Ryan Holeywell is a staff writer at GOVERNING.E-mail: firstname.lastname@example.org
Alaska wants the federal government to stop intervening in its elections.
This month, the state sued to end federal oversight, essentially arguing that it shouldn’t be included in the Voting Rights Act because it’s not a Southern state.
In 1975, Alaska was grouped with eight Southern states under the Voting Rights Act because it failed to provide voting materials in languages beside English, despite having a significant population of Native Alaskans who spoke 20 different languages. As a result, like many Southern states, Alaska today must get approval from the federal government to make virtually any changes to the way it conducts elections.
Over the last 30 years, the state’s elections division says it’s had to get nearly 500 federal “preclearances” for approval of major and minor changes to voting rules. This year, a protracted legal battle over its latest round of redistricting resulted in a bizarre situation in which the federal government approved the state’s maps just days before a deadline to mail out absentee ballots. Alaska Assistant Attorney General Margaret Paton-Walsh says if the feds had waited much longer to approve redistricting this year, the state might have had to delay its primary elections and hold them separately from federal elections. She says the lawsuit was filed to help prevent a similar situation in 2014.
What makes Alaska unique, Paton-Walsh says, is that the state never should have been included in the law in the first place. "Congress had almost no evidence of discriminatory voting practices in Alaska," the lawsuit says. State officials argue that in the 1970s, it didn’t make sense to provide written voting materials because historically Native Alaskan languages had only been spoken. Their written texts were developed recently, and there would have been few Native Alaskans familiar with their own written languages but not English, she says.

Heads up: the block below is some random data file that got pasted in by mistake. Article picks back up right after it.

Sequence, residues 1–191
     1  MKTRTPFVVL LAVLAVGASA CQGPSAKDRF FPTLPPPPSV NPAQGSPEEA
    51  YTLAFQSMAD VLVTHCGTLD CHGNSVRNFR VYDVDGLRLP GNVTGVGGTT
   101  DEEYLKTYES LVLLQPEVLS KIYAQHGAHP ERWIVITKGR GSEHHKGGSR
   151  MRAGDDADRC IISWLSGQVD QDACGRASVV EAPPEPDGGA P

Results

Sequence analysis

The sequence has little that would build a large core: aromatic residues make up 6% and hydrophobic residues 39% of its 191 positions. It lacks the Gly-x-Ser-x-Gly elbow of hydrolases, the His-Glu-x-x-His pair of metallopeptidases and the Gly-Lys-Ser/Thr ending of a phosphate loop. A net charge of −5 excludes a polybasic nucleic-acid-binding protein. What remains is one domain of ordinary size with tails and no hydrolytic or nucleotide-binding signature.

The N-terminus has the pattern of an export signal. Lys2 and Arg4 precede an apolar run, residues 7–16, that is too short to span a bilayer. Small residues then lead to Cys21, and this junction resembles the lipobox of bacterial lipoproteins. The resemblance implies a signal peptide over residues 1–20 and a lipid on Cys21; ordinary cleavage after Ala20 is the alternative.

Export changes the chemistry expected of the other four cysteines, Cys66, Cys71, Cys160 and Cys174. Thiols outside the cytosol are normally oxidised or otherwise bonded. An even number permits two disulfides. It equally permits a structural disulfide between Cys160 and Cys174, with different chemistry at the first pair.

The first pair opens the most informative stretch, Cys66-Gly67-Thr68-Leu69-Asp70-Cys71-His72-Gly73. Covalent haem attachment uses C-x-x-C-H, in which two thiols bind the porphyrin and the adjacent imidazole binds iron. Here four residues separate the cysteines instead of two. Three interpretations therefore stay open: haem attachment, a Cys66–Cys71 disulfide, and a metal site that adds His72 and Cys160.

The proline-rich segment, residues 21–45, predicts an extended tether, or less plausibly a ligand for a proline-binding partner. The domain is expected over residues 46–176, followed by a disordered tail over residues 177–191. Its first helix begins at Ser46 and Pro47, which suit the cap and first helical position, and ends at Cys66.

According to Census data, about 10,000 Native Alaskans or Native Americans living in the state speak English “less than very well.” It’s unclear, however, exactly how many of those people would benefit from written voter information in Native Alaskan languages. Anna Berge, an associate professor at University of Alaska-Fairbanks, say it’s probably true that there are few people who are familiar with written Native Alaskan languages but not written English. But she says the discussion should be broader since vast cultural differences mean a Native Alaskan still might not understand the voting process even with knowledge of written English.
The Native American Rights Fund said in 2006 that “many Alaska Natives find the English-only ballot language confusing.” And they said that Alaska didn’t even repeal an English literacy requirement to vote until 1970. (Today, the state provides oral and written language assistance to voters who speak native languages.)
A handful of conservative states have challenged the Voting Rights Act this year, and there’s widespread speculation that a lawsuit by Shelby County, Ala., will reach the Supreme Court soon. The county is arguing that the criteria used to determine which jurisdictions fall under the law is outdated. That case could have widespread implications for Alaska and others if it results in a new interpretation of parts of the law.
The declaratory judgment in State of Alaska v. Eric H. Holder appears below.
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